Sambo Dasuki and the 2015 Curse; By Nasiru Suwaid
“As we approach the fifth democratic transition period, which some western countries claimed could either ‘make or mar’ the country, there is compelling need for us as a people to understand our differences, unite and forge ahead for the greater interest of the nation.”
-Sambo Dasuki, National Security Adviser of the Federal Republic of Nigeria.
To be fair to them, when the American Foreign Policy Institute made the prediction or to be more precise, when a group of independent scholars made the analytical projections, it was in the late 1980’s or to be more accurate, early 1990’s, when Nigeria was in a perpetual succession of military regimes, many of which were experimenting with their transition programs, in a deceptive ‘Maradonic’ fashion, as such, as at the time, there is no way anyone could have contemplated, that the year 2015 would be an all important election year, as the statement was made even before the over a decade national friction that is the June 12th political imbroglio. Thus, their projective postulation was neither a prophecy nor a clairvoyant seeing of what could happen in the future, indeed if anything, it was a mere researched forecasting of the Nigerian nation, on the embedded fault lines of religious differences, ethnic divisions and the glaring sectional biases that could set the nation on the course of destructive implosion and fritter away the foundational unity upon which the federation rest.
The necessary admonishing warning was made by the National Security Adviser, through his Director of Policy and Research in the beginning of the week, when he hosted the press in a conference on ‘security consciousness and awareness for media reporters’. Actually, the message was very timely, because of the incoming elections season, where ‘desperate politicians’ are wont to do almost anything, to actualize their burning political ambitions of getting access to power, including threatening and subverting the very essence of the Nigerian state and the unifying bond that is keeping the country together. Indeed, the presidential security adviser was very particular, in his condemnation of the precipitated attempt at ‘deriding’ the Office of the Head of State and Commander-in-Chief of the Nigerian Armed Forces, when the press and the opposition elements sought to question the methods and strategies in which the Nigerian government is employing to prosecute the ever growing, expanding and debilitating insurgency in the North-East.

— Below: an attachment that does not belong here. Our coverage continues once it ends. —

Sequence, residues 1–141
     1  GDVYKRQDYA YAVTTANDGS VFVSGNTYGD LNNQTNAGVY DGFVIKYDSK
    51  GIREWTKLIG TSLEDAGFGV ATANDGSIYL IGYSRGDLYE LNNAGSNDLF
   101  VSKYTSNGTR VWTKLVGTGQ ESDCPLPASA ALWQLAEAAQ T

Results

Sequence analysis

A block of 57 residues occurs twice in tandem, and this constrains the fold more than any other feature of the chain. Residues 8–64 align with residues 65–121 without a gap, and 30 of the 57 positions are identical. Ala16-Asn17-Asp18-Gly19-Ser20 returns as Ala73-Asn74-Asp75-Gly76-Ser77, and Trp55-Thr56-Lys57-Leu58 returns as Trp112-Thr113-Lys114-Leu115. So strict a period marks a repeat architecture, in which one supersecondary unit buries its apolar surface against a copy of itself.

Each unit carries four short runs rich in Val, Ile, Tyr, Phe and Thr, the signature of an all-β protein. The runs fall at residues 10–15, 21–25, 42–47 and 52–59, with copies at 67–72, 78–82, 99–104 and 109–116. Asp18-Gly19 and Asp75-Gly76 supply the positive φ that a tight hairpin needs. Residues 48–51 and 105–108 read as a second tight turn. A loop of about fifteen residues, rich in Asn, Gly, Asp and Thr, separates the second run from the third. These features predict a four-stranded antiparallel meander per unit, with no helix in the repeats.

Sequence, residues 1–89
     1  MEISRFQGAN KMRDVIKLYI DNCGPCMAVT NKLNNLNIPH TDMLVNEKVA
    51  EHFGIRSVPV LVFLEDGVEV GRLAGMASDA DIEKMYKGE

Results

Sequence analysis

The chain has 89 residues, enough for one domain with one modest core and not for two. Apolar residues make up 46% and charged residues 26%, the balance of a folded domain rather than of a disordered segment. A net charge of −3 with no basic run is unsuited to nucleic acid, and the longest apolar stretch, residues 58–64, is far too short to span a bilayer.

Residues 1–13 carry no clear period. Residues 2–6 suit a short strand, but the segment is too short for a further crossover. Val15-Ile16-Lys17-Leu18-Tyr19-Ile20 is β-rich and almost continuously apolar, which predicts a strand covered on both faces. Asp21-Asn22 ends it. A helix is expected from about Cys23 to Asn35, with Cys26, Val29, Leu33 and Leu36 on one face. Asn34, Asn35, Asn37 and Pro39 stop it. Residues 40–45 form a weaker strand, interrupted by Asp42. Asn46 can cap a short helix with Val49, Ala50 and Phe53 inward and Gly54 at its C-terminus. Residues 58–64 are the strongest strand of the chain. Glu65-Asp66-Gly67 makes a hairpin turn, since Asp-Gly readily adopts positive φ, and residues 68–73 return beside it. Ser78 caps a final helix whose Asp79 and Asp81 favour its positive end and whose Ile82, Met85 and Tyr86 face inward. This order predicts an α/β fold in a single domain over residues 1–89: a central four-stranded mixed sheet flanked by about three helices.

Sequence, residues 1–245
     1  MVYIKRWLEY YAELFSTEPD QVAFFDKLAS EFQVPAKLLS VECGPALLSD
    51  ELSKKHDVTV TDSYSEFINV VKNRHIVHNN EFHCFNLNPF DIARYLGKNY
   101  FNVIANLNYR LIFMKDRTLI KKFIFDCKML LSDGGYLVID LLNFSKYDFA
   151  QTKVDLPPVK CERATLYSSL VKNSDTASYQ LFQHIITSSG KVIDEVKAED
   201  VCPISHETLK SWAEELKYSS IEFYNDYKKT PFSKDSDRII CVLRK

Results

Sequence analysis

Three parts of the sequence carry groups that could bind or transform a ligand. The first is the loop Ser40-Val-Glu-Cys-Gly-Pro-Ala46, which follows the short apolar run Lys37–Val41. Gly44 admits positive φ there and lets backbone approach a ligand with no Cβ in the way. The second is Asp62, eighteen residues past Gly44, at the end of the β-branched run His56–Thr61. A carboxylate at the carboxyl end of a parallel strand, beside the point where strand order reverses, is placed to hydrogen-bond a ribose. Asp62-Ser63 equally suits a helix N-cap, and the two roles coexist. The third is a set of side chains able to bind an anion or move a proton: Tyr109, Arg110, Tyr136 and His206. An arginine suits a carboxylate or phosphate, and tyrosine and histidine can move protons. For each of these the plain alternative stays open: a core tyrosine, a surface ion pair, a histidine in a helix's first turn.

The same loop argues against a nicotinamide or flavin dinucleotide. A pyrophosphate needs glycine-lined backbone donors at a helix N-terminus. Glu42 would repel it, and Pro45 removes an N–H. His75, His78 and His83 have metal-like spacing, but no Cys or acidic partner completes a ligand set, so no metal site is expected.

Basically, there are two problems with the highly patriotic and security conscious postulation, the first being that it was not merely the politicians who are talking, as even the clergy and ordinary Nigerians have had cause to question the mode and manner of the engagement of Nigerian troops in the conflict. In fact, just over the weekend, the Secretary General of the Christian Association of Nigeria Reverend Musa Asake, was directly pointing an accusing finger at the office and person of the National Security Adviser, on who is to blame, over the perceived failings in the handling of the war situation, despite the fact, the presidential security advisor, was a former military officer, he is not directly in charge of prosecuting the conflict and most importantly, the reverend father was ‘conveniently’ silent in even mentioning the military chiefs of whom they share same faith, as the ones who are directly tasked with the prosecution of the war. Surely, religious leaders do not fall into the category of politicians but what says, within the express definition of who constitutes a politician, an appointed presidential adviser is not one.